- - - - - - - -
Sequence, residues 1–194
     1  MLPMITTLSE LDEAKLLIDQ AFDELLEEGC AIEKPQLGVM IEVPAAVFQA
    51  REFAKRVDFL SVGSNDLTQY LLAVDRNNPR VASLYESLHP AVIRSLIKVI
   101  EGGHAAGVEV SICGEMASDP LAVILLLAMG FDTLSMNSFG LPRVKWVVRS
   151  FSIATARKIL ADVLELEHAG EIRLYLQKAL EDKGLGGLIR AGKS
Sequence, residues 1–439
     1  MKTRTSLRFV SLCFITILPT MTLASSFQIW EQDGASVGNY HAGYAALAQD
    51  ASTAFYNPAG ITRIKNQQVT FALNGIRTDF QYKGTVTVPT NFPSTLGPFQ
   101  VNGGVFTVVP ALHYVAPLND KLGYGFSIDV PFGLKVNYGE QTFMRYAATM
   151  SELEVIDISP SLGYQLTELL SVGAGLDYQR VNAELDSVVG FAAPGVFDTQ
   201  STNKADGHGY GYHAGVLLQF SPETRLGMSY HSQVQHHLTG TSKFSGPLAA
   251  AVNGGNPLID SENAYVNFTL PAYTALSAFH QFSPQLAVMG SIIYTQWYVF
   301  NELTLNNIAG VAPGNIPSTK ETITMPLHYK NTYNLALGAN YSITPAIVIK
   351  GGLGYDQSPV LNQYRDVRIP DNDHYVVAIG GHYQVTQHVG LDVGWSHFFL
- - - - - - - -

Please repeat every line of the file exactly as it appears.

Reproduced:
Sequence, residues 1–194
     1  MLPMITTLSE LDEAKLLIDQ AFDELLEEGC AIEKPQLGVM IEVPAAVFQA
    51  REFAKRVDFL SVGSNDLTQY LLAVDRNNPR VASLYESLHP AVIRSLIKVI
   101  EGGHAAGVEV SICGEMASDP LAVILLLAMG FDTLSMNSFG LPRVKWVVRS
   151  FSIATARKIL ADVLELEHAG EIRLYLQKAL EDKGLGGLIR AGKS
Sequence, residues 1–439
     1  MKTRTSLRFV SLCFITILPT MTLASSFQIW EQDGASVGNY HAGYAALAQD
    51  ASTAFYNPAG ITRIKNQQVT FALNGIRTDF QYKGTVTVPT NFPSTLGPFQ
   101  VNGGVFTVVP ALHYVAPLND KLGYGFSIDV PFGLKVNYGE QTFMRYAATM
   151  SELEVIDISP SLGYQLTELL SVGAGLDYQR VNAELDSVVG FAAPGVFDTQ
   201  STNKADGHGY GYHAGVLLQF SPETRLGMSY HSQVQHHLTG TSKFSGPLAA
   251  AVNGGNPLID SENAYVNFTL PAYTALSAFH QFSPQLAVMG SIIYTQWYVF
   301  NELTLNNIAG VAPGNIPSTK ETITMPLHYK NTYNLALGAN YSITPAIVIK
   351  GGLGYDQSPV LNQYRDVRIP DNDHYVVAIG GHYQVTQHVG LDVGWSHFFL